Geochemistry of the Amazon estuary.
The Amazon River supplies more freshwater to the ocean than any other river in the world. This enormous volume of freshwater forces the estuarine mixing out of the river channel and onto the continental shelf. On the continental shelf, the estuarine mixing occurs in a very dynamic environment unlike that of a typical estuary. The tides, the wind, and the boundary current that sweeps the continental shelf have a pronounced influence on the chemical and biological processes occurring within the estuary. The dynamic environment, along with the enormous supply of water, solutes and particles makes the Amazon estuary unique. This chapter describes the unique features of the Amazon estuary and how these features influence the processes occurring within the estuary. Examined are the supply and cycling of major and minor elements, and the use of naturally occurring radionuclides to trace processes including water movement, scavenging, sediment-water interaction, and sediment accumulation rates. The biogeochemical cycling of carbon, nitrogen, and phosphorus, and the significances of the Amazon estuary in the global mass balance of these elements are examined.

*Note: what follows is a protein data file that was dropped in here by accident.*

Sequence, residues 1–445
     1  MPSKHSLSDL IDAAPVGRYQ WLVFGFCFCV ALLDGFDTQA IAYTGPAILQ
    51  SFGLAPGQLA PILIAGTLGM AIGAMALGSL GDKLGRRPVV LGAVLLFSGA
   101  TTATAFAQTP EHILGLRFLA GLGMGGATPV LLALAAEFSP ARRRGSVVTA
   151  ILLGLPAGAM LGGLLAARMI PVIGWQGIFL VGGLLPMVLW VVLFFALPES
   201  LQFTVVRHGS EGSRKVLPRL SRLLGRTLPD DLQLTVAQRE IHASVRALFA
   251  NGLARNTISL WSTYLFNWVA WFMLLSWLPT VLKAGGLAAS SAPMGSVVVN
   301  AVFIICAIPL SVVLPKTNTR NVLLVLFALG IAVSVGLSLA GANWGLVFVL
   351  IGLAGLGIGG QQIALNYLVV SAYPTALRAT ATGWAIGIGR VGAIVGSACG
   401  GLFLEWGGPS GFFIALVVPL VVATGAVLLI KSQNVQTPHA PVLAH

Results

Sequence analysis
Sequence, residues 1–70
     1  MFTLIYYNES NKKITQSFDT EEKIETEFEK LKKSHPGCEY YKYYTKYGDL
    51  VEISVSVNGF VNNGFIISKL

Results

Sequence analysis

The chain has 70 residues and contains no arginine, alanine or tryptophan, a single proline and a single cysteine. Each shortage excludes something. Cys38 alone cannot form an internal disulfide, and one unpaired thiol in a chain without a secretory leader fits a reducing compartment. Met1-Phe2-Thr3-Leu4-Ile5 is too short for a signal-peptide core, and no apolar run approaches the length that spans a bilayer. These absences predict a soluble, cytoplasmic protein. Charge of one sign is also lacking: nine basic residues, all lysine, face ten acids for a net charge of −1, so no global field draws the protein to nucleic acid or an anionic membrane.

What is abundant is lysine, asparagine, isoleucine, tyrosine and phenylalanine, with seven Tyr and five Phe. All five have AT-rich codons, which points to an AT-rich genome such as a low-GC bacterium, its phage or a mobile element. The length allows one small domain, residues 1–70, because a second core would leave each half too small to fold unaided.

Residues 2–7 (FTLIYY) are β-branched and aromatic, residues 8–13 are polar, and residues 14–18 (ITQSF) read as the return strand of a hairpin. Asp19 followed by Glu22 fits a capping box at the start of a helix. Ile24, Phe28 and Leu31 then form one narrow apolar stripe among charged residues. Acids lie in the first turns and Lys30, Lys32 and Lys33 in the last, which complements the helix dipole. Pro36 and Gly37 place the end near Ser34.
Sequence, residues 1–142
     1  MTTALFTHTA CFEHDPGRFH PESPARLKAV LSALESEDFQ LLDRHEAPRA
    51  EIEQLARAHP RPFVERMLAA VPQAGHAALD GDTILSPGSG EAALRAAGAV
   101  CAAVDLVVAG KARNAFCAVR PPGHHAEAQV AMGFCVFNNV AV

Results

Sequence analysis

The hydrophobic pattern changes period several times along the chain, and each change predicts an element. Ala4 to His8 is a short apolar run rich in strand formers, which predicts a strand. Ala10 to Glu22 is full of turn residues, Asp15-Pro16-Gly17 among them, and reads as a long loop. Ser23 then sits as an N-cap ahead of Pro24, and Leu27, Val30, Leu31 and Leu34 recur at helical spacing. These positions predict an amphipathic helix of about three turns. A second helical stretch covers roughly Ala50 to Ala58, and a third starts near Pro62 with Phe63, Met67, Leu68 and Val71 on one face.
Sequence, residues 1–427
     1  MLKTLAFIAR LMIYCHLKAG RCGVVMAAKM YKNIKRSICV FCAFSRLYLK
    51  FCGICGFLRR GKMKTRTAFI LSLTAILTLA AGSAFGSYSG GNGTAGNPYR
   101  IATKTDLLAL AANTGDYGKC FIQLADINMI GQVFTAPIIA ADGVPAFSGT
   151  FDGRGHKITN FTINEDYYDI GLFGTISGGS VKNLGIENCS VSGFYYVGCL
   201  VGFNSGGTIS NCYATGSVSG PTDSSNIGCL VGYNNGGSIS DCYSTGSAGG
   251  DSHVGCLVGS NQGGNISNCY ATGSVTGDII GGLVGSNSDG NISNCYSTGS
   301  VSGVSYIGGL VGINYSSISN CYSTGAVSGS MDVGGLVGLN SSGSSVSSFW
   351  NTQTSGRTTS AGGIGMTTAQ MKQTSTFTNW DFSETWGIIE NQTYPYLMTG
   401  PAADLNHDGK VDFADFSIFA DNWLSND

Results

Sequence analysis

Smoak, J.M., Krest, J.M. & Swarzenski, P.W. (2006). Geochemistry of the Amazon estuary. In P. J. Wangersky (Ed.), Handbook of Environmental Chemistry, Vol. 5, Part H, (pp: 71-90). Berlin: Springer. doi 10.1007/698_5_029
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